Suicide is a pressing public health issue that deserves a thoughtful policy response. But we don’t often talk about regulating one of the biggest suicide risk factors: alcohol.
The use of alcohol and drugs is the most frequent risk factor for suicide after depression and mood disorders, according to the U.S. Centers for Disease Control and Prevention. Alcohol was a factor in approximately one-third of suicides in 2007, 62 percent of which involved people with blood alcohol levels higher than the legal driving limit of 0.08.
While mental health experts talk about the role of alcohol use in suicide rates, that conversation never seems to extend to policy or regulation. Now, new evidence from a review of existing study literature indicates that it should.
“There’s ample literature [on alcohol and suicide]. What’s missing is how alcohol policy affects suicide,” said study author Ziming Xuan, an assistant professor of community health sciences at Boston University’s School of Public Health.
Taxation as a weapon against alcohol-related suicide
Xuan decided to fill that gap by reviewing 17 studies on alcohol policies and suicide published between 1999 and 2014. He found that polices like alcohol taxation, limiting the number of stores that sell alcohol in a given area, increasing minimum drinking ages and restricting hours for alcohol sales were associated with lower suicide rates.
“If one can reduce the average alcohol consumption in a population level, then ideally we can shift the risk at a population level,” Xuan explained.
In other words, the more difficult it is to obtain alcohol, the less people buy and the fewer alcohol-related suicides occur.
Higher alcohol taxes had the greatest effect on reducing suicide among the alcohol restriction polices analyzed in the review, according to Xuan. Taxes are more effective at reducing excessive drinking than other policy measures, but Xuan said it’s not clear why exactly that is. And although taxes are most effective, enacting multiple types of policies in tandem could have the greatest impact in limiting alcohol’s availability.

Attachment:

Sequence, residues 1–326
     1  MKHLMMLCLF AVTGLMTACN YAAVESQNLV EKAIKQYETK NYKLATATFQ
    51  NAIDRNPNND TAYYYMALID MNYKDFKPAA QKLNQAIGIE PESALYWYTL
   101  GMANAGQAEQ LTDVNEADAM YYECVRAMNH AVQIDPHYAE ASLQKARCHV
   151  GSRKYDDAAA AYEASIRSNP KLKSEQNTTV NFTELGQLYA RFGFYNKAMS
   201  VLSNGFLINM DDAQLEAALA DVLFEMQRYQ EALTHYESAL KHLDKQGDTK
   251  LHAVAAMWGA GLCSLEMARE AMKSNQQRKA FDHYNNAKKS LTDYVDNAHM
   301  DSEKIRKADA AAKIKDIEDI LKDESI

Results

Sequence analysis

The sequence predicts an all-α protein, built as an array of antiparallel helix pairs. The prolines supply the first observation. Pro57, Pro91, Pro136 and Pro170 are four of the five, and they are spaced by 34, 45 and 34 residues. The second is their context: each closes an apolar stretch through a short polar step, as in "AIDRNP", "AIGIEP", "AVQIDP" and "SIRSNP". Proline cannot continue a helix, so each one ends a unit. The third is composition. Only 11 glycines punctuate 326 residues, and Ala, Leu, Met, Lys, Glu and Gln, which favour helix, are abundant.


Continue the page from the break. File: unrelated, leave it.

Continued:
Men have the most to gain from alcohol taxes
Xuan's study, which was published in the journal Alcoholism: Clinical and Experimental Research in October, showed men were more likely than women to benefit from alcohol taxes. This is probably because historically, men drink more than women. Men are twice as likely to binge drink as women, with about 23 percent of adults men reporting binge drinking five times per month at an average of eight drinks per binge, according to CDC.
That drinking gap is shrinking for younger Americans: Women born between 1991 and 2001 were about as likely to consume alcohol as men.
Still, suicide remains a heavily gendered problem. Men make up 80 percent of the nation’s suicides and are four times more likely to die by suicide than women.
Suicide is also growing. Between 1999 and 2014, suicide rates in the United States increased 24 percent, according to a CDC report published in April, making suicide the 10th most common cause of death nationwide.
Of course, alcohol is just one component of a larger picture. Suicide is a complex and multifaceted problem, with many risk factors, including mental health problems, drug use, access to firearms and co-occurring medical conditions.
Reducing population-wide alcohol consumption won’t solve our suicide problem, but Xuan’s review shows it could help. For instance, according to one 2003 study he considered, a 10 percent beer tax on was associated with a 2.4 percent drop in suicides among males ages 20 to 24.
The new review is an encouraging reminder that public health policies can make a difference, especially if coupled with easy-to-access resources for at-risk individuals.